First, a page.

ASEM workshop to discuss water management

The Mekong Delta city of Can Tho will host an Asia-Europe Meeting (ASEM) workshop on water and river basin management from March 20-23.

The workshop, the first of its kind in Vietnam, is expected to attract 150 delegates from 51 ASEM member countries and relevant organisations such as the Mekong River Commission, the International Commission for the Protection of the Danube River, the World Water Council, the United Nations, the UN Environment Programme, the World Bank, and the Asian Development Bank.

Delegates will examine reports and make recommendations to the 11th ASEM Ministerial Meeting to be held in New Delhi this November.

The workshop is the first activity of the Danube-Mekong Cooperation Initiative between Vietnam and all five members of the initiative: Hungary, Romania, Bulgaria, Laos and Thailand, which was approved at the 9th ASEM Summit in Laos in 2012.  

The initiative has received strong support from ASEM member countries as it links water management with the role of river basins and green growth.  

Can Tho City will also host World Water Day celebrations on March 20-21.

Hand-foot-mouth disease spreads

With the hand-foot-mouth disease season just beginning, 60 out the country's 64 provinces and cities have already experienced outbreaks, the Department of Preventive Health has said.

Around 1,000 cases have been reported every week since the beginning of this year.

In the last two weeks 28 provinces and cities said the incidence of HFM was increasing.

Places like Da Nang and the provinces of Khanh Hoa, Yen Bai, Tuyen Quang, Soc Trang, and Quang Ngai have been the worst affected, with the number of patients increasing by 22-700 per cent.

Soc Trang Province in the Mekong Delta has seen nearly 400 cases this year, according to its Department of Health.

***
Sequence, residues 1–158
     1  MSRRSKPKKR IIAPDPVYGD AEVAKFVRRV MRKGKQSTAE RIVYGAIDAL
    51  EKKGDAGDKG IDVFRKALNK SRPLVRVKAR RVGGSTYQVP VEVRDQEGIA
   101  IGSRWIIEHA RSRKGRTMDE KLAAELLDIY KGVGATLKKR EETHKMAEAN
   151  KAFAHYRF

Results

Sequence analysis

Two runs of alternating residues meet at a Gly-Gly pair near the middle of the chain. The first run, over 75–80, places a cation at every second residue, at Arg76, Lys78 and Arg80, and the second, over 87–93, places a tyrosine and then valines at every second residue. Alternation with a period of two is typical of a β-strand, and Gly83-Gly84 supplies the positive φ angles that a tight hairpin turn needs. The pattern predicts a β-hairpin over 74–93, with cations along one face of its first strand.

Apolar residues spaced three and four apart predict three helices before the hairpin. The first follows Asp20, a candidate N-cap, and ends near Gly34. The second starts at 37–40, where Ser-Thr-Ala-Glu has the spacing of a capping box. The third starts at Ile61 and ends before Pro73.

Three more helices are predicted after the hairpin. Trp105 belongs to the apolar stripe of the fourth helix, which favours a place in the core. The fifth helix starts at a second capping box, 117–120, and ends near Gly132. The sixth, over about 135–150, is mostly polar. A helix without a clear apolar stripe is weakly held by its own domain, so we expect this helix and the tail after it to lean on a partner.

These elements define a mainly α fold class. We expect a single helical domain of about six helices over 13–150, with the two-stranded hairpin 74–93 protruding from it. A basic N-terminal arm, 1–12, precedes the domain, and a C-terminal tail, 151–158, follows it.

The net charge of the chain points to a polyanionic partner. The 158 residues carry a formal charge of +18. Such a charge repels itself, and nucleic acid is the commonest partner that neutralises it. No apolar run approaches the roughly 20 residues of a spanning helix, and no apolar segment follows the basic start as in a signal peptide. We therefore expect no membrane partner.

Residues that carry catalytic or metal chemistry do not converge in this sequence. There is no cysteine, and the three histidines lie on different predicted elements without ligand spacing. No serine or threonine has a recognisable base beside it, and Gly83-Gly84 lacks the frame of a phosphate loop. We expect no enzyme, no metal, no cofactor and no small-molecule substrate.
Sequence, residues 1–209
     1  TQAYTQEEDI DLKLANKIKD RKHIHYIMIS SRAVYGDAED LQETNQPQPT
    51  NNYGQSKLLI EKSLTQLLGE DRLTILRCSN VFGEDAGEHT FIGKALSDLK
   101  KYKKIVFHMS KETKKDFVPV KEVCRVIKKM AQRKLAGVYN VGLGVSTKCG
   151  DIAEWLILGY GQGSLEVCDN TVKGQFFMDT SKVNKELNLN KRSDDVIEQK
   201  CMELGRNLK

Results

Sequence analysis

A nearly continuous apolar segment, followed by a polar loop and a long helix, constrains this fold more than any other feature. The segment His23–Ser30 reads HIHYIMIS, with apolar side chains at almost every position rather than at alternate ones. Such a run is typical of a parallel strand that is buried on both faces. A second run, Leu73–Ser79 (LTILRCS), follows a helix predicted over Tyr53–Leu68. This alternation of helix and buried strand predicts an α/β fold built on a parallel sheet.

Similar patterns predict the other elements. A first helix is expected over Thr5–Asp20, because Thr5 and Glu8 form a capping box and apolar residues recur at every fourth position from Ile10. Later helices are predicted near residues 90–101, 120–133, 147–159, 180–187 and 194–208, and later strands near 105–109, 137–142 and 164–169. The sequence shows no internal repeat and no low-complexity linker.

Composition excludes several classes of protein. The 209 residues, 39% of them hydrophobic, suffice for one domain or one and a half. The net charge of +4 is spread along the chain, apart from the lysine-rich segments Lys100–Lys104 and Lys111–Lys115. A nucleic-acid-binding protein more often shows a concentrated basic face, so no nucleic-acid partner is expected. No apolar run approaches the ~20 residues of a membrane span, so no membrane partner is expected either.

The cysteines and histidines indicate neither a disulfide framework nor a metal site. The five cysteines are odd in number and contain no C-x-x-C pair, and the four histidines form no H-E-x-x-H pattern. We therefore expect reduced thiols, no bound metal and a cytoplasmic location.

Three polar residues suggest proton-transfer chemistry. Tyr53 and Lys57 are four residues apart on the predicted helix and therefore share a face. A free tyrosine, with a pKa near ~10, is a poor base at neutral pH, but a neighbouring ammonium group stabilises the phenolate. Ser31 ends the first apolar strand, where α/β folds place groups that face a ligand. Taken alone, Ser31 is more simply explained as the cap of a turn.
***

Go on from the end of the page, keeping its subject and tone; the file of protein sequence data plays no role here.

Vinh Long, another delta province, has also been hit hard, with its Preventive Health Centre reporting more than 660 cases, 300 more than in the same period last year.

Most of the cases have been reported from the districts of Vung Liem, Long Ho, and Tam Binh.
But in HCM City, things had gotten better, the Preventive Health Centre said.

Between February 27 and March 5 only 78 children were hospitalised, half the number as in the comparable period last year.

Nguyen Van Binh, head of the Department of Preventive Health, said the disease also continued to plague other countries in the region like Japan, Korea, Singapore, and Cambodia.

The increasing incidence in Viet Nam has him worried about the effectiveness of information dissemination, which has failed to reach families with babies aged less than five.

Next April the department plans to begin a national campaign on hand washing and environmental hygiene around schools, especially kindergartens.

The disease peaks in April-May and September-November.

It’s time to improve work safety

Vietnam is lagging behind many other countries, including most of its neighbours, in occupational safety and health.

The view was shared by experts at a March 14-15 workshop in Hanoi entitled “Strengthening national occupational safety and health system in hazardous work.”

“It’s time to take action now or it will be too late,” said Deputy Minister of Labour, Invalids and Social Affairs (MOLISA) Bui Hong Linh.

According to the MOLISA, 606 workers died in work-related accidents in Vietnam last year, almost 10 percent increase from 2011. Nearly 6,800 occupational accidents occurred in 2012, resulting in a property loss of US$524,000 and US$3.95 million in compensation.   

But the reported cases in Vietnam are “incomplete”, said Linh, putting the actual number of occupational accidents per year at around 40,000. Mining, construction and chemical industry topped the list of sectors with the most occupational accidents and fatal cases.

“Unsafe work conditions in these industries have been causing lots of risks that lead to occupational accidents and diseases”, said ILO National Project Coordinator for occupational safety and health Nguyen Thai Hoa.

“It’s worrying that both work accidents and diseases in the industries, particularly mining and construction, tend to increase with a more severe impact”.

As most work accidents are traced back to human error, ILO Vietnam Country Director Gyorgy Sziraczki said Vietnam should go beyond workplaces to create increased awareness of occupational safety and health.

 “We must reach out to families, communities and schools where our greatest assets – young people – learn and prepare for work”, he said.